Chronic low-grade inflammation is causally linked to the pathogenesis of obesity-associated metabolic diseases, such as insulin resistance (IR), type 2 diabetes, cardiovascular disease and non-alcoholic fatty liver disease. Fat overload in the adipocyte triggers circulating monocyte recruitment into lipid-laden adipose tissue, which produces a large quantity of pro-inflammatory mediators. This perturbs insulin signaling in adipose tissue, eventually inducing systemic inflammation and IR. As such, both metabolic and inflammatory components largely contribute to the development of chronic low-grade inflammation in obesity. Complementary and alternative medicine (CAM) natural products that can effectively combat chronic inflammation with minimal adverse side-effects are much needed. Spirulina platensis (SP) is a blue-green alga (BGA) that has proven to be safe for human consumption. During the past several years, we have investigated anti-inflammatory properties of BGA extracts, and more specifically a SP organic extract (SPE) using both in vitro and in vivo models and have found substantial evidence for their potential in the prevention of obesity-induced inflammation. However, major gaps exist in our knowledge regarding the bioactive components from edible BGA, which hinders the standardization and broader utilization of these CAM natural products. Very little is known about the chemical composition of BGA. Currently, standardization utilizes -carotene, total carotenoids, and/or phycocyanin content for quality assurance. These components have not been shown to cause the potent anti-inflammatory activity of BGA and thus are not appropriate marker compounds for chemical standardization based on biological activity. The following specific aims are thus proposed: SA1, isolation and identification of anti-inflammatory compounds from SP extracts; and SA2, identification of molecular mechanisms responsible for anti-inflammatory effects of SP extracts and purified compounds. The identification of bioactive metabolites responsible for the anti-inflammatory effects of BGA will help to support future standardization of these CAM products and additional information regarding their mechanism of action will allow for further preclinical and clinical development.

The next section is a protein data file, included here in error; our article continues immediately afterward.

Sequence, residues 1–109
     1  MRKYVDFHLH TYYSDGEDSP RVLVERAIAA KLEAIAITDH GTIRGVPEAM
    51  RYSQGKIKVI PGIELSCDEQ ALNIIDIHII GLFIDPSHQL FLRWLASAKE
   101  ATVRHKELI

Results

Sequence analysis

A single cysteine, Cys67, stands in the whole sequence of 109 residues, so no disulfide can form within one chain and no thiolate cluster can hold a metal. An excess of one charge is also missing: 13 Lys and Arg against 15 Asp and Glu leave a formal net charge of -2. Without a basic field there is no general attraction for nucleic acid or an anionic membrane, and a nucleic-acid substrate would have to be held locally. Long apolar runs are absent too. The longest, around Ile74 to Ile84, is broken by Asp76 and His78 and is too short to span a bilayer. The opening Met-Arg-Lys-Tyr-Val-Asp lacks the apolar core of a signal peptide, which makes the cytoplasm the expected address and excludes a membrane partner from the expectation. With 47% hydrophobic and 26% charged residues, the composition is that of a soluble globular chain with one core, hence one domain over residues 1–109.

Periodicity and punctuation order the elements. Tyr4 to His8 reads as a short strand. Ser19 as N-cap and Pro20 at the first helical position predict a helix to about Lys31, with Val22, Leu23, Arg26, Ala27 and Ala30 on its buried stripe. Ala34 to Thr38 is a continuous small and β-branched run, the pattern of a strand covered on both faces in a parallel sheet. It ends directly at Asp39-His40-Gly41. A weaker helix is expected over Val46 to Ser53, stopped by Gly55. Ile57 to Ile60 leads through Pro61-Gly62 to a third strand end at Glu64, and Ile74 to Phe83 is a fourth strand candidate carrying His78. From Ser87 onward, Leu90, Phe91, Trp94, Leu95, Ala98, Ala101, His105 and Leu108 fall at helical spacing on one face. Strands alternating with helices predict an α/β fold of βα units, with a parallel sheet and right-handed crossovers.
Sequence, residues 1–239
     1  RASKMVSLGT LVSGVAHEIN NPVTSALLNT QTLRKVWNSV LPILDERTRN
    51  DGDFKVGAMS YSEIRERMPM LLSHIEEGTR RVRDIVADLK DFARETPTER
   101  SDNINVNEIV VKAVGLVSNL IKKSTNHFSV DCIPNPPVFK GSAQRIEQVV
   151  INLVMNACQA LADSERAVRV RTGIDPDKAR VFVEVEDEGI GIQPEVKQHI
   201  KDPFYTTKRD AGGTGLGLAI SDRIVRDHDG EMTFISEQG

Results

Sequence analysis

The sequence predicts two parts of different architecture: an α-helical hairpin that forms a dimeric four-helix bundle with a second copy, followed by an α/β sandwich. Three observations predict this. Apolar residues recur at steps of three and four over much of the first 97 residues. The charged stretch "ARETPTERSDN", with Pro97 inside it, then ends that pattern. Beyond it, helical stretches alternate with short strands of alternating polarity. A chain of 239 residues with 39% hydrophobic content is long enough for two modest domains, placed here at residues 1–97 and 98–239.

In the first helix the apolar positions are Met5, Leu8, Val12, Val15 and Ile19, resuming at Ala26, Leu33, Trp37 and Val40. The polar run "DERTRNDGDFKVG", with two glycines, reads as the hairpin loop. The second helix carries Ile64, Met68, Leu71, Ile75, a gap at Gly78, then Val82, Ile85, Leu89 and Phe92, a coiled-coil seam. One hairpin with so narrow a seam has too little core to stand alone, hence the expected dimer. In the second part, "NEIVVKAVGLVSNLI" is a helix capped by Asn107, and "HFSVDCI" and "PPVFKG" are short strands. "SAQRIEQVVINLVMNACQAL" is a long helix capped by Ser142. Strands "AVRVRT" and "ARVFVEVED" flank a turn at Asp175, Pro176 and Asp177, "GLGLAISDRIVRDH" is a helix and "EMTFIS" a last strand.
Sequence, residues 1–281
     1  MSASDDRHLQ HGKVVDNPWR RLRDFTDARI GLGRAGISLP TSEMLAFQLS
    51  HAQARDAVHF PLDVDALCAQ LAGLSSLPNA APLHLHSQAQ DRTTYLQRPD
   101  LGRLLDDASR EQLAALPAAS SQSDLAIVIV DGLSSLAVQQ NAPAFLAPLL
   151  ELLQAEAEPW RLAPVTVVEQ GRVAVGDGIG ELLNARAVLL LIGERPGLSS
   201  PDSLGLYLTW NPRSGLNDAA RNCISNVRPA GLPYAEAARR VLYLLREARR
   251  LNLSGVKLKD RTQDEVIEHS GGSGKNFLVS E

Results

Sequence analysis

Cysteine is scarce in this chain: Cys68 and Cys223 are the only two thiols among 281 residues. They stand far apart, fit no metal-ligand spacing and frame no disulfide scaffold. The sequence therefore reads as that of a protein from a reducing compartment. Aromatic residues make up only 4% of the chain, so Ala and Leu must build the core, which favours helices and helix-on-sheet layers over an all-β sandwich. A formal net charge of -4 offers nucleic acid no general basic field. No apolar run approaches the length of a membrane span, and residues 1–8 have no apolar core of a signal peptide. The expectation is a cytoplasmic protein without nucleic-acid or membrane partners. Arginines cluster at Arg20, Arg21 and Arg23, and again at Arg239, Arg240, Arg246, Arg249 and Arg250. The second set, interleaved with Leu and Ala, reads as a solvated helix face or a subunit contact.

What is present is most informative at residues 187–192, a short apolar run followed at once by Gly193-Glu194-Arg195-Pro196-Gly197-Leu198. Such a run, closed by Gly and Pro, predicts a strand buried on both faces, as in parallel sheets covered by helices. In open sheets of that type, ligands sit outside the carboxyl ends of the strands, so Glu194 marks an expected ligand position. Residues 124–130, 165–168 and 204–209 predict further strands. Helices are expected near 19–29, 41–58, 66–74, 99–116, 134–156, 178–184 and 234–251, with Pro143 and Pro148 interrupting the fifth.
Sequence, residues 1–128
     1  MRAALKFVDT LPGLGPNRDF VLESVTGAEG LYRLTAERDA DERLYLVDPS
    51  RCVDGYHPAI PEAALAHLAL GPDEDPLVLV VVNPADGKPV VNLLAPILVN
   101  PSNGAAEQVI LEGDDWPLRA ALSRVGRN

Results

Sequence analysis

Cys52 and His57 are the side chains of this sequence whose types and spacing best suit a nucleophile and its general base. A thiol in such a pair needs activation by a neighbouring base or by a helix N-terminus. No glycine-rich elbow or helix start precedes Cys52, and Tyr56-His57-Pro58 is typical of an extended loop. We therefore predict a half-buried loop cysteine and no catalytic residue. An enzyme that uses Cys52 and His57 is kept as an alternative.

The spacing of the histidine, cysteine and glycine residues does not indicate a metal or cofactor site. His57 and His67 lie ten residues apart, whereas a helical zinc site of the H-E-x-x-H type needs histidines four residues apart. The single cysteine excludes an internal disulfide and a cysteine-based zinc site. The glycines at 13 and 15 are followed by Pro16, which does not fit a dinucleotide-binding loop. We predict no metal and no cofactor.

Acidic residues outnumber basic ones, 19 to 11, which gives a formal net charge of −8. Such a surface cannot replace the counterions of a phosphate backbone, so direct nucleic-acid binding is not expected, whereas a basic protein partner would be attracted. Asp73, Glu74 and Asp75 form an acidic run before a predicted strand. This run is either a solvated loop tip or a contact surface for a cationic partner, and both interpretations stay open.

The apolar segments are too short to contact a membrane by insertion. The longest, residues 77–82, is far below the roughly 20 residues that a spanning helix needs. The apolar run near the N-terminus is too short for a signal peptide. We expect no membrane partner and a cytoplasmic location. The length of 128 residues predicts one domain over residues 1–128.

Spirulina platensis (SP) is an edible blue-green alga that has been shown to have potent anti- inflammatory properties. However, very little is known about the chemical composition of SP, which hinders the standardization and broader utilization of these complementary and alternative medicines (CAM). We propose to isolate and identify anti-inflammatory compounds from SP and to determine the mechanisms responsible for their anti-inflammatory activity.
|Ku, Chai Siah; Kim, Bohkyung; Pham, Tho X et al. (2015) Blue-Green Algae Inhibit the Development of Atherosclerotic Lesions in Apolipoprotein E Knockout Mice. J Med Food 18:1299-306|